DAKUKU Peterside, the Director General of the Nigerian Maritime Administration and Safety Agency, NIMASA, has declared Nigeria’s unwavering commitment to its leadership role in the war on piracy and maritime crimes in the Gulf of Guinea region, an area widely considered the global challenging maritime crime base in Africa.
Dakuku made the declaration in a keynote address he delivered at a symposium on Security in the Gulf of Guinea, GoG, at the headquarters of the International Maritime Organisation, IMO, in London.
The meeting was jointly organised by the IMO, Baltic and International Maritime Council, BIMCO, International Marine Contractors Association, IMCA, International Transport Workers’ Federation, ITF, Oil Companies International Marine Forum, OCIMF, and the International Chamber of Shipping, while the Managing Directors and CEO’s of top multinational shipping, oil and gas, and logistics firms were in attendance.
Dakuku said the GoG countries were facing serious security challenges that had affected their economies severely and, therefore, needed global support and cooperation to tackle the problem.
He, however, said the location of the Gulf of Guinea held enormous advantages as it holds a significant percentage of the world’s total oil and gas reserves as well as rich deposits of solid minerals, such as diamond, bitumen, copper, uranium, granite, quartz, lead, fluorite, and marble.
Already, Nigeria has committed to the hosting of a Global Maritime Security Conference (GMSC), which comes up in the country’s capital, Abuja, from October 7 to 9.
Dakuku stated that the conference would afford the international community a platform to develop actionable strategies to put an end to piracy and other security threats in the African geological and maritime region.
The NIMASA boss, who is also Chairman of the Association of African Maritime Administrations (AAMA), noted that the Gulf of Guinea occupied a strategic location in international seaborne trade.
It is home to two regional economic blocs: Economic Community of Central African States (ECCAS) and Economic Community of West African States (ECOWAS), comprising 26 countries.
“It is, therefore, seen as a resource provider and critical contributor to national growth and prosperity of the nations lining its coasts and even those inward and with no shared boundaries, due to the access it grants to them,” he said.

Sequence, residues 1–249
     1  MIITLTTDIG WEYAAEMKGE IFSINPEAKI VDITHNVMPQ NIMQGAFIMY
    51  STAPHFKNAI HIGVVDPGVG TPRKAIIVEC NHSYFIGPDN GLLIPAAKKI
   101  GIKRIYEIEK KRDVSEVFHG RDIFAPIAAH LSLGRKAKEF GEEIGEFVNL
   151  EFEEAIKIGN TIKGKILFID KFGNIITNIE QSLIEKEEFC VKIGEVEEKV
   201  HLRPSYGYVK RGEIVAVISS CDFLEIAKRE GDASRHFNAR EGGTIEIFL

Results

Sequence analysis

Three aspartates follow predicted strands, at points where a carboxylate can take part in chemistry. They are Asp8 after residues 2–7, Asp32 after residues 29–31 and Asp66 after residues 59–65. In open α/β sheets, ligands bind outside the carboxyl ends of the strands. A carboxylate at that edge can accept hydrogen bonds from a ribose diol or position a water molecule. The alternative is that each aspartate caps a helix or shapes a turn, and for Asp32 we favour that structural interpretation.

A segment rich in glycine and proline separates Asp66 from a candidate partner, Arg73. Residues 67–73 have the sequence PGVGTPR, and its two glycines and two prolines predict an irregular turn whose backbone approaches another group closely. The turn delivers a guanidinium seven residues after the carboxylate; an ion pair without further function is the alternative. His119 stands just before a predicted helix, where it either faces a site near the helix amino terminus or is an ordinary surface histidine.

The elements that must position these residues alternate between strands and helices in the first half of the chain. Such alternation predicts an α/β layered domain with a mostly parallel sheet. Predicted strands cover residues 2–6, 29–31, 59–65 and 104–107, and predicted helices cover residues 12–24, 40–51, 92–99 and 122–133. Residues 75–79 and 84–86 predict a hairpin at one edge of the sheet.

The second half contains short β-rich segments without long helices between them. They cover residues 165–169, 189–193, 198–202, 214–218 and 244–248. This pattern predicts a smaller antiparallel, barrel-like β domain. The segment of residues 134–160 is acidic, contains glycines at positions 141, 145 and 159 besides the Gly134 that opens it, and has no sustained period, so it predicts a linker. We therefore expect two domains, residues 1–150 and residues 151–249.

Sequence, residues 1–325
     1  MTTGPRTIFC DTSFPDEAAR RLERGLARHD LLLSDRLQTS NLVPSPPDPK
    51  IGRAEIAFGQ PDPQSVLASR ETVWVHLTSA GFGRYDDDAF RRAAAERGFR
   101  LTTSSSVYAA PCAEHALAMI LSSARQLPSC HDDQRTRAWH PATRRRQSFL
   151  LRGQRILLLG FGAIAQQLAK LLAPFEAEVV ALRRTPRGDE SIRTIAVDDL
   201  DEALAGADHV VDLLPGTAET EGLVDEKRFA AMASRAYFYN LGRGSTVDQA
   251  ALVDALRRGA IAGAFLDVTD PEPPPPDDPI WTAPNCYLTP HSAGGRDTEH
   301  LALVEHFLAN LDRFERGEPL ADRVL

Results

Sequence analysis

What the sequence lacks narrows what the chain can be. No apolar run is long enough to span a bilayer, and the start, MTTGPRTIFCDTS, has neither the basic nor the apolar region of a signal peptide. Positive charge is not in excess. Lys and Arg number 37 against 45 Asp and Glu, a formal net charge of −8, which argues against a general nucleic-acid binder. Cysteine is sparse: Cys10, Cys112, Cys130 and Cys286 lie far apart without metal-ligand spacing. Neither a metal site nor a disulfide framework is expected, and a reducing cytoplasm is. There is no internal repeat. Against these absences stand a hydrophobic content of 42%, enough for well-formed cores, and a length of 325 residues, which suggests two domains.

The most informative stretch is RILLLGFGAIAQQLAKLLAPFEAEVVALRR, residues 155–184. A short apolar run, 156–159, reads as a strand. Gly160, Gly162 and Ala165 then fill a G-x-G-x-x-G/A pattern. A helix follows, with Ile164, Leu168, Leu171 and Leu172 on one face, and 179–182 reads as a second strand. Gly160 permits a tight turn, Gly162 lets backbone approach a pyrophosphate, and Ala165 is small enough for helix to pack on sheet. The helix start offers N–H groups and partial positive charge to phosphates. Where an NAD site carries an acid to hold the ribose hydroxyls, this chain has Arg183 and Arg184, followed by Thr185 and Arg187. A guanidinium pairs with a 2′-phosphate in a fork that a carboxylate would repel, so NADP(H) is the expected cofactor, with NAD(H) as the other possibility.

He disclosed that the region’s waterways were a key navigational route for international commerce, connecting the Far East to countries in the North and South of the Atlantic.
“It is the hub of extensive Trans-Atlantic trade linking Africa with Europe and the Americas,” he said.
Dakuku highlighted factors that made Nigeria strategic in the fight against maritime crimes in the GoG region to include being the country with the highest military contingent and might within the region, and a huge deposit of oil and gas, which makes it a place of interest in international energy dynamics.
Others are the geo-strategic location of Nigeria and the country’s big deltas, which are the largest in the world, with thousands of creeks.
He noted that being the biggest economy and most populous country within the region, accounting for over 65 percent of cargo generated in the area, Nigeria occupied a vantage position to lead efforts to solve the maritime security challenges in the region.
While acknowledging that maritime insecurity had economic, social and environmental implications for the region, Dakuku told the international community that Nigeria was leaving no stone unturned in the attempt to overcome the challenges.
He said it was this determination that led to the decision to approach the menace through a total spectrum maritime strategy. The strategy involves law enforcement, regional cooperation, response capability building, and enhanced maritime domain awareness for all organs of government involved in maritime security.
The DG declared that with the new initiatives, kidnapping and other violent crimes in the GoG region could become history in a matter of months.
Highlighting the importance of regional and international cooperation in the fight against maritime crime, Dakuku stated: “We have no option but to work together, but we cannot have imposed solutions…
“NIMASA will also be hosting a Global Maritime Security Conference in October to seek tailored short and long term solutions to strengthen regional and international collaborations in the Gulf of Guinea.”
He noted that the implementation of an integrated national surveillance and waterways protection solution with command and control infrastructure in the agency was part of the Nigerian government’s deep blue contract to enhance security in the Gulf of Guinea.
Dakuku said it was Nigeria’s interventions that led to the establishment of the ECOWAS Integrated Maritime Security Strategy (EIMS) and Inter-Regional Coordination Centre (ICC) in Yaoundé. He also disclosed that Nigeria played a leading role in the establishment of the African Integrated Maritime Security (AIMS).
At the operational level, Dakuku stated that NIMASA, through collaboration with the Nigerian Navy in 2012-2013, established “Operation Prosperity”, a security taskforce, among others, which had helped to reduce criminal activities in the region.
Other initiatives include the establishment of a legal framework to fight maritime crimes through an anti-piracy bill. “The bill, when signed into law, will bring to bear appropriate sanctions on offenders and deter perpetrators of maritime crimes,” he assured.
Thanking the international bodies and other regional partners for their efforts to tackle maritime insecurity, especially in the Gulf of Guinea, Dakuku called for more support in the fight against piracy and maritime crimes.
– June 10, 2019 @ 9:32 GMT |